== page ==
As you may already know, I’m somewhat of an adrenaline junky. Visiting Australia, I believe, is what brought this part of my personality to the forefront. I did so many things there that were out of my comfort zone and visiting Airlie Beach was no exception.
We got a little bit of history on Airlie Beach by our exceptionally awesome tour guide, Trys, who kept us in stitches the entire two weeks we were traveling with him. According to Trys, “airlie” means “no beach” in the local aboriginal language but there isn’t a profound beach in Airlie Beach. Kind of punny. ;) Upon further research, however, it is assumed that the name “Airlie” came from the Scottish Parish of Airlie; not as fun but still interesting.
So the cool thing about Airlie Beach is that it is basically the gateway to the Whitsunday Islands. What are the Whitsunday Islands? A stunning series of islands off the east coast of Australia. I know I say a lot of places are beautiful or the prettiest place I’ve been, but when I talk about the Whitsunday Islands I mean it. They’re the most beautiful islands I think I’ll ever encounter. The sand is unbelievably white, the water is so clear you can see straight to the bottom in over twenty feet, and a lot of the islands are virtually untouched by humans & development. There are over one hundred and fifty islands (some argue that there are only seventy-four islands but the number has greatly increased after more and more people examined them). Surrounded by coral reefs and teeming with wildlife, the islands are a must-see if you’re in Australia.
We partnered with Ocean Rafting Airlie Beach for our island-hopping adventure. They take you on giant, high-speed rafts to visit different islands in the Whitsundays, including a stop on Whitehaven Beach. When we stopped at Whitehaven, we took a bit of a hike to get the views that so many tourists rave about. On our way to the trail, we came upon a rather large group of soldier crabs who were so small that they made it seem as though the sand were shifting. Once we made it to the lookout point, we were left with stunning views. I’ll let the pictures explain, because words don’t do the view justice – and to be completely honest, neither do photographs.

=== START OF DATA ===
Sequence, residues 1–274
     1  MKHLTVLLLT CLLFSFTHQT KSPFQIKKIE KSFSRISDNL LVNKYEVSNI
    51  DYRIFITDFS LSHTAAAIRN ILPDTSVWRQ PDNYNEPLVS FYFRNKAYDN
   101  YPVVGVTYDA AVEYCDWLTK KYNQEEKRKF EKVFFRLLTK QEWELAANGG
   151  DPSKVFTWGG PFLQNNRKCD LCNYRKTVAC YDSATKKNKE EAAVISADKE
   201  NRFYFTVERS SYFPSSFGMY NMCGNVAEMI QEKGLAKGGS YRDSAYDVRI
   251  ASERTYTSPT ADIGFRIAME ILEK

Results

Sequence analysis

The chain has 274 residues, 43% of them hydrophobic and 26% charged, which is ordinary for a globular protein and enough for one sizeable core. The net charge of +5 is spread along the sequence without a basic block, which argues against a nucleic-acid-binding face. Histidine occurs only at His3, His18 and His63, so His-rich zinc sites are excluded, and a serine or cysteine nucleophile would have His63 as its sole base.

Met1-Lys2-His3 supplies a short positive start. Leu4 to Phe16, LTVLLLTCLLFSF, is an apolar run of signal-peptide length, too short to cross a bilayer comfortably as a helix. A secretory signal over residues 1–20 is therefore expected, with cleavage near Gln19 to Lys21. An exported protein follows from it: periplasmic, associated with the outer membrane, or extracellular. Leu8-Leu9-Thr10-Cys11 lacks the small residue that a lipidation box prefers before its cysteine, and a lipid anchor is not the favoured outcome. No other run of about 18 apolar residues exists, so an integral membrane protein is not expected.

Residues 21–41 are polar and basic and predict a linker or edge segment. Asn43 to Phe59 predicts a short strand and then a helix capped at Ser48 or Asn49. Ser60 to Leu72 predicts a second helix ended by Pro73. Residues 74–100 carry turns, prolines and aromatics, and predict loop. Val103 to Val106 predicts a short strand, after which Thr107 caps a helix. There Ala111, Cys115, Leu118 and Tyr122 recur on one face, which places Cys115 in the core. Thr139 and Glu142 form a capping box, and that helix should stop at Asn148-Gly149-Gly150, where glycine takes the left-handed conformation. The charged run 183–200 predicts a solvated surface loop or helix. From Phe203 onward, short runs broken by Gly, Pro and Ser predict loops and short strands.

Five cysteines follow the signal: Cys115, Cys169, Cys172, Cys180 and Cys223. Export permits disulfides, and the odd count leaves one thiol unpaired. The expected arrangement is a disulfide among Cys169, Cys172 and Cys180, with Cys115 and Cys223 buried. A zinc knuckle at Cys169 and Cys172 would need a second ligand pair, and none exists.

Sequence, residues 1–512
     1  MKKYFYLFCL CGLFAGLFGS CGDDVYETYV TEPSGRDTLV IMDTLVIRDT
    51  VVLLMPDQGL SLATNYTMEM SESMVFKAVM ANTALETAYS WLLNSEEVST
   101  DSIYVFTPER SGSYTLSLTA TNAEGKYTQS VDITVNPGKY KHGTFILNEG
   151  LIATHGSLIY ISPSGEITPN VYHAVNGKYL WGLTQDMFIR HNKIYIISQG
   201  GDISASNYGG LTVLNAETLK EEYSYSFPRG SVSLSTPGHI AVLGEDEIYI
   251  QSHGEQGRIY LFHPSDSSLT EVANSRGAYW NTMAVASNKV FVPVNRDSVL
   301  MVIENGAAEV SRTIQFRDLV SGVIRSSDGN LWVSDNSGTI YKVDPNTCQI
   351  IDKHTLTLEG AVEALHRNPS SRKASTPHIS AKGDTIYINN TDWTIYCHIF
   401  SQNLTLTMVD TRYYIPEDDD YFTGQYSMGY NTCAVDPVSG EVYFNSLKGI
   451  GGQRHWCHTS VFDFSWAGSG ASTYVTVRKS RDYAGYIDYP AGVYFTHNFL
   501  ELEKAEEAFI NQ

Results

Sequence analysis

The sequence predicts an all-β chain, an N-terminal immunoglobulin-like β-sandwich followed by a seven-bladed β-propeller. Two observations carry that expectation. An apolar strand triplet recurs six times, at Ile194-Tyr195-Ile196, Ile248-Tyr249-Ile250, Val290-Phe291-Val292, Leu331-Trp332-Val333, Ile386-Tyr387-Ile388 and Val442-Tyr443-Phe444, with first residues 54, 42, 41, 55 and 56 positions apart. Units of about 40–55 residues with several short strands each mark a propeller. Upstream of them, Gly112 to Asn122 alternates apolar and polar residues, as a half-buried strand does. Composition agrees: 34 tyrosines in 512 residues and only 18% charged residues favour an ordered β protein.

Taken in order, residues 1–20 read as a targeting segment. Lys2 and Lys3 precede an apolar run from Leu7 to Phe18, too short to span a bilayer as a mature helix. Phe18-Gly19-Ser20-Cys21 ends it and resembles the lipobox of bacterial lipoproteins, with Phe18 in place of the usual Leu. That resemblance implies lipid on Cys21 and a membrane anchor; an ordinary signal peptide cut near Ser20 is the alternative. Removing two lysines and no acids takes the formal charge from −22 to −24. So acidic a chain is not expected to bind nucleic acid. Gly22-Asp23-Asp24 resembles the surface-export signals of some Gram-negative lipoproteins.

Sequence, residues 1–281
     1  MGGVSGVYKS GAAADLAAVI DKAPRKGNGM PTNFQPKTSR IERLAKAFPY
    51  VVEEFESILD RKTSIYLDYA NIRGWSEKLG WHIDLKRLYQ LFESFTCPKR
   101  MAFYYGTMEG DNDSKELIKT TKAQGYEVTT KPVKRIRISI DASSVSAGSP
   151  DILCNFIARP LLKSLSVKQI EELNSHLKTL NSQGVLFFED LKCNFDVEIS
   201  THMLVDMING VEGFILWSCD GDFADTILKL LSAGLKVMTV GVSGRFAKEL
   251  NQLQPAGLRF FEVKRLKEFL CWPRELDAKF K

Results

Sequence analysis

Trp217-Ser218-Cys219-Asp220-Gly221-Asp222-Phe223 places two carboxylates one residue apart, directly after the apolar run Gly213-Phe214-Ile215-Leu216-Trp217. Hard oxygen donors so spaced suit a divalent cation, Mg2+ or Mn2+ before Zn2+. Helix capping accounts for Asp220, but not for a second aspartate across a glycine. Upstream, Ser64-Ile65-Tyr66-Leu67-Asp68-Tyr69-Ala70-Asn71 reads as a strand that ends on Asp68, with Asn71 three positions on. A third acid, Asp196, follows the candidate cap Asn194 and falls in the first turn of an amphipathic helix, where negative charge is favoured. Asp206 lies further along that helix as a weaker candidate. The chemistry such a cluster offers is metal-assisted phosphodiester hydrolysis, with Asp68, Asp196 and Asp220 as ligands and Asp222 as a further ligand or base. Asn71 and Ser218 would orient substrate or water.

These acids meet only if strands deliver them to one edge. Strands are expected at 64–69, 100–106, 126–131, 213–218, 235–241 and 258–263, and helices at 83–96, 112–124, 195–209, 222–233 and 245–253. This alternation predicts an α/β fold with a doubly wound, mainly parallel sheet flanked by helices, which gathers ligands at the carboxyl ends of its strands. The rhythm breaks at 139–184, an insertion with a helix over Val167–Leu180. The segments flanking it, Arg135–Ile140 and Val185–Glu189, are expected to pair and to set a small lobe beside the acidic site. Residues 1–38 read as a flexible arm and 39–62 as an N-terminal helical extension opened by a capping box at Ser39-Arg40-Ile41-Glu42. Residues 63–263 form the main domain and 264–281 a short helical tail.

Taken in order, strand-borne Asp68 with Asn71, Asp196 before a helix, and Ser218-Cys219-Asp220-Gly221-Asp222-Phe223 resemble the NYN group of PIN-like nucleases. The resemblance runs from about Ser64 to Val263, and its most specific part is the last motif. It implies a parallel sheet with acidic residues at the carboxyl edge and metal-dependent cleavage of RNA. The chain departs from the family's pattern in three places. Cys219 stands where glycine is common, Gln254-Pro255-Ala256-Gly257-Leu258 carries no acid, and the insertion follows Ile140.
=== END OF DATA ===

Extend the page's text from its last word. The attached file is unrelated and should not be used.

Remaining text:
We also got to make a stop near a reef, where we put on full-fledged wetsuits and plunged into the surprisingly cold water. We were told a pretty helpful tip here in regards to snorkeling – don’t wear flippers if you can help it. When you wear flippers, you can unknowingly hit a piece of reef and break it off. This is an issue because reefs are homes to multitudes of wildlife and are constantly at risk of destruction, whether that be from pollution, tourism, or another source. Tourists wearing flippers are doing a lot of damage to reef systems all over the world, not just in Australia, and it’s an extremely hard & timely task for them to build themselves back up. Definitely take a look and snorkel around, but don’t touch.
Our last stop was on another island, where we got to hop off of the raft, have a bit to eat, and enjoy the warm day before heading back in to Airlie Beach for the night.
My travels through Australia are thanks to International Student Volunteers (ISV). Without their opportunities, guidance, and expertise I would never have been so bold to have taken this trip. Kudos to ISV! If you're interested in taking the adventure of a lifetime, definitely check out their website here.
Hi, I'm Madeline
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